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No relation between price and guest satisfaction. What is your experience?

After having hosted a few hundred guests, I don’t really see any relation between the price paid and the number of complaints or type of review I receive from the guest (good reviews vs bad reviews) and general guest satisfaction.

I mean, I have a lot of guests who pay a really high price and they are still super happy. But sometimes (during the same season) I have to lower my price to sell the apartment and those guests paying significantly less don’t seem to be much happier, actually they tend to complain more.

This surprises me a little bit, I would expect guests paying a high price to be more “difficult”, but I guess guest satisfaction depends more on the type of person than the price they are paying?

Any thoughts / experiences on this?

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Same for us. We had guests that paid more than twice more than some and gave the best review.

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I see these comments on this forum and always wonder what I’m doing differently. I had much more fun, and people seemed much happier, when they had air beds, old furnishings, and showered upstairs. (Their rooms are downstairs). They paid as little as $50 a night, bought us gifts, gave us ‘tips’, and left glowing, happy reviews.

Now they are a private bath, real beds, nice things, and they pay more - I still get very good reviews, but not the same kind of excited babbling.

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That’s really odd … do you think that perhaps you were more relaxed when the place was less smart and they reflected that? And there does seem to be research in other fields that shows that the more people get, the more they want …!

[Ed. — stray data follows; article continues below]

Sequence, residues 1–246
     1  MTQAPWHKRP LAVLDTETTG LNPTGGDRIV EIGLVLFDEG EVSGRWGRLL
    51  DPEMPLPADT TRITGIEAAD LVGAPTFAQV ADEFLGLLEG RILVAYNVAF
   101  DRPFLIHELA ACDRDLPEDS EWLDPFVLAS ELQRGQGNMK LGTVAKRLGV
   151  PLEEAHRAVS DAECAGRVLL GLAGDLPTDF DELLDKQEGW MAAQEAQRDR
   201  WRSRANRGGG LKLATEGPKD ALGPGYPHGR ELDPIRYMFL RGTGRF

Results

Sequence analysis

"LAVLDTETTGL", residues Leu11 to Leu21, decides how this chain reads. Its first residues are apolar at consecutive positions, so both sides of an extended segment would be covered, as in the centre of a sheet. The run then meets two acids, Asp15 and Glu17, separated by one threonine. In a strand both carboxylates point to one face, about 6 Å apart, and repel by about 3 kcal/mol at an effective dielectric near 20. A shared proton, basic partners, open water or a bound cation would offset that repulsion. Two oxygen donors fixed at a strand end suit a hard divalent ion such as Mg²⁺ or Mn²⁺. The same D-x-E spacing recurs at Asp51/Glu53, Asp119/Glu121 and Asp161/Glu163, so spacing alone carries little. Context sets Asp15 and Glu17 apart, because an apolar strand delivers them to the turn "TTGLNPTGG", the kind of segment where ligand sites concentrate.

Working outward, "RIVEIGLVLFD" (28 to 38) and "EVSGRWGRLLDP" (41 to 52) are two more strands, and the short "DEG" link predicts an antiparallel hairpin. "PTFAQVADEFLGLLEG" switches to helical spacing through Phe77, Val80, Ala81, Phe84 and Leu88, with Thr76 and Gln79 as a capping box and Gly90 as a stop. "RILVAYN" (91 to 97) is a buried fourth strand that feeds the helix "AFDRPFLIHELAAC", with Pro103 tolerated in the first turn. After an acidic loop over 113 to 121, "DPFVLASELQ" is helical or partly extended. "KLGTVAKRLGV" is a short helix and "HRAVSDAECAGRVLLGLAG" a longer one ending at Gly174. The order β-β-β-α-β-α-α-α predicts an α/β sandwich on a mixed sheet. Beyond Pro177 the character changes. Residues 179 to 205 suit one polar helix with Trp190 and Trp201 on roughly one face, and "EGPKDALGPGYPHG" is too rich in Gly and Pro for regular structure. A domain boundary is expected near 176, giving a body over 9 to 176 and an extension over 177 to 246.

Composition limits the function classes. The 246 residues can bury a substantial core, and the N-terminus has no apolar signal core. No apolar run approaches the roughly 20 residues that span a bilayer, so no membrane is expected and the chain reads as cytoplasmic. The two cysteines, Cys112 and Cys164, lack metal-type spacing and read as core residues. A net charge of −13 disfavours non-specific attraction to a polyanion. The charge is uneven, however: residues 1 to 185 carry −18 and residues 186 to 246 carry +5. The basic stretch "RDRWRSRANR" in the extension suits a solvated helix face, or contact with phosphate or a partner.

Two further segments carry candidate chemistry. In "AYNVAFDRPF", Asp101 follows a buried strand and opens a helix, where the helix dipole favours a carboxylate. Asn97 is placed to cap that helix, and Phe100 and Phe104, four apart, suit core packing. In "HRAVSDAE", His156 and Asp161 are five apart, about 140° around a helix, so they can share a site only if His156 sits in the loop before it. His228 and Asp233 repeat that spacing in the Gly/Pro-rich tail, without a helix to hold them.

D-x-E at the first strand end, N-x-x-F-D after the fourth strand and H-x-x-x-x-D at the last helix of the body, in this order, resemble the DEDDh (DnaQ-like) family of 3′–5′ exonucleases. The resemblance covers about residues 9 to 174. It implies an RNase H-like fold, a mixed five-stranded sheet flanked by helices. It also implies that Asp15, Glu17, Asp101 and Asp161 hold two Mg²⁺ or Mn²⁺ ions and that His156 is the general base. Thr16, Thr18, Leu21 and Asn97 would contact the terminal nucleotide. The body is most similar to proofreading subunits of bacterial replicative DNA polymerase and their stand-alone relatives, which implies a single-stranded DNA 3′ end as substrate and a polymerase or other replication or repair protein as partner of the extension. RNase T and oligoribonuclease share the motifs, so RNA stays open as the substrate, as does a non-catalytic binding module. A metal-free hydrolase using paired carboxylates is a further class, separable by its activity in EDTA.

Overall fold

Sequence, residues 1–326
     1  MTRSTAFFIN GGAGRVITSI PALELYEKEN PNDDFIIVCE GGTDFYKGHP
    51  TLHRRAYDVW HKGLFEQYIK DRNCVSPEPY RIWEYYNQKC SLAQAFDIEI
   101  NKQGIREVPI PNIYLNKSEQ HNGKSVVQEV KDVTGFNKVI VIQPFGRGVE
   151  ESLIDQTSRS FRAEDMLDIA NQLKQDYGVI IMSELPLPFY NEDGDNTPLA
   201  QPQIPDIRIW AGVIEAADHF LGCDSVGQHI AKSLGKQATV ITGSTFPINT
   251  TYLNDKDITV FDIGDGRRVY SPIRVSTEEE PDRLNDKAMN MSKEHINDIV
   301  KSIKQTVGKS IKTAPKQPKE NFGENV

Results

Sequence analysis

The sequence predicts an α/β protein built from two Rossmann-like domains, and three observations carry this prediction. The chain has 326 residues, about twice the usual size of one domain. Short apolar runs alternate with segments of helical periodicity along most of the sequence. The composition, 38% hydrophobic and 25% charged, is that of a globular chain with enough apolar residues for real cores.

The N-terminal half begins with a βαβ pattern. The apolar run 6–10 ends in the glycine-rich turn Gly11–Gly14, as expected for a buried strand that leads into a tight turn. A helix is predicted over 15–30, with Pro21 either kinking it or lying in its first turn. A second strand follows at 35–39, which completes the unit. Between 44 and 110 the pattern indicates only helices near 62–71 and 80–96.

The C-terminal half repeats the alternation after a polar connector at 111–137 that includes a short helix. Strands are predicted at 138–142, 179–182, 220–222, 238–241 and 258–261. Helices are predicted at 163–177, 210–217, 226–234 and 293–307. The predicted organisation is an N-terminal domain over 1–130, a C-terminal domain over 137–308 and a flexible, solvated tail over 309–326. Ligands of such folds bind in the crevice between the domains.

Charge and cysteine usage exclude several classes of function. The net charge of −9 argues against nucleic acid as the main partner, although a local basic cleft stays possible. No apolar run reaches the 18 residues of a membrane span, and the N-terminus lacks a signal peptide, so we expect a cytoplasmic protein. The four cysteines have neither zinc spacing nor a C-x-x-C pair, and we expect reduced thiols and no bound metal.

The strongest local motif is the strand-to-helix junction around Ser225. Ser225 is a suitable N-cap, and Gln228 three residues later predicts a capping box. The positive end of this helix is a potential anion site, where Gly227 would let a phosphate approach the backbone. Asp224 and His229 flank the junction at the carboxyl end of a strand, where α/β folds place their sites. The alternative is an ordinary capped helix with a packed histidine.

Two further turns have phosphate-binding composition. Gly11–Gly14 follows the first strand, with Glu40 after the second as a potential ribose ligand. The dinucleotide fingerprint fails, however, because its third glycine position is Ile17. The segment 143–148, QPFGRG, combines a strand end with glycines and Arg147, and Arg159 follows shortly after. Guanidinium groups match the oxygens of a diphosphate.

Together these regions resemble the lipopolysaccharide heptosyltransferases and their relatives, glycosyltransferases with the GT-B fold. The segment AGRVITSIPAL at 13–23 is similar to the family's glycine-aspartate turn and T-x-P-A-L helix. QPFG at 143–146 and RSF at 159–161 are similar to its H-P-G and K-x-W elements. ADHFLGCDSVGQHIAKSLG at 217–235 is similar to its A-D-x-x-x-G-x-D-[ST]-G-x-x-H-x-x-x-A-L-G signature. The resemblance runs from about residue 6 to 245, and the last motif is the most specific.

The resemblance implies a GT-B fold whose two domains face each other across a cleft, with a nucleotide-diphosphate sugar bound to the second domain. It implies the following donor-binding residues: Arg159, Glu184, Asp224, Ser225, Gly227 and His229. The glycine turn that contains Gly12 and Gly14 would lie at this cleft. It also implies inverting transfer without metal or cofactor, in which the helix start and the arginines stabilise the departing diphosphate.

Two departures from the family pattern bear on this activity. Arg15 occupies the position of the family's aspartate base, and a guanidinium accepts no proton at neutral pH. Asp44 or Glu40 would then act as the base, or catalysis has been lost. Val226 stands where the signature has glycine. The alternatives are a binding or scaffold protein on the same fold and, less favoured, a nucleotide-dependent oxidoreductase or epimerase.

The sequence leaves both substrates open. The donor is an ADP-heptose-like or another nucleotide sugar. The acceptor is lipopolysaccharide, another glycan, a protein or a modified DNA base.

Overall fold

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I also see no relation generally, but have had excellent experiences when my prices were lower. The only couple to give 3 stars in any category was a couple who paid higher prices and I let them check in a little early. If I got more bookings at lower prices I’d lower my rates but that doesn’t seem to help much.

Yes, absolutely. I also quit one of my part-time jobs because I couldn’t keep up with everything and we felt airbnb was the right avenue for us. So now, I really need to make some income, and constantly stress about my price.

And it was new! exciting! I loved meeting people from all over the world! Poland! Russia! Czech Republic! Hungary! France, Germany, Denmark, Sweden!! I still do love meeting new people, but it is exhausting ‘connecting’ to so many people. Of course, for them, we are unique and they often want to connect with us. But I don’t always have the energy to give. I’m very gregarious and social but also a total introvert. It has become more of a job, less of a hobby.

We have an absolutely lovely family from Germany - teens who look me in the eye and talk, very friendly and interesting dad - but I just can’t chat so much right now. I also have some health issues and my dad is in the hospital. Yet to them, of course, I’m just a host - an American - and they are interested in our life.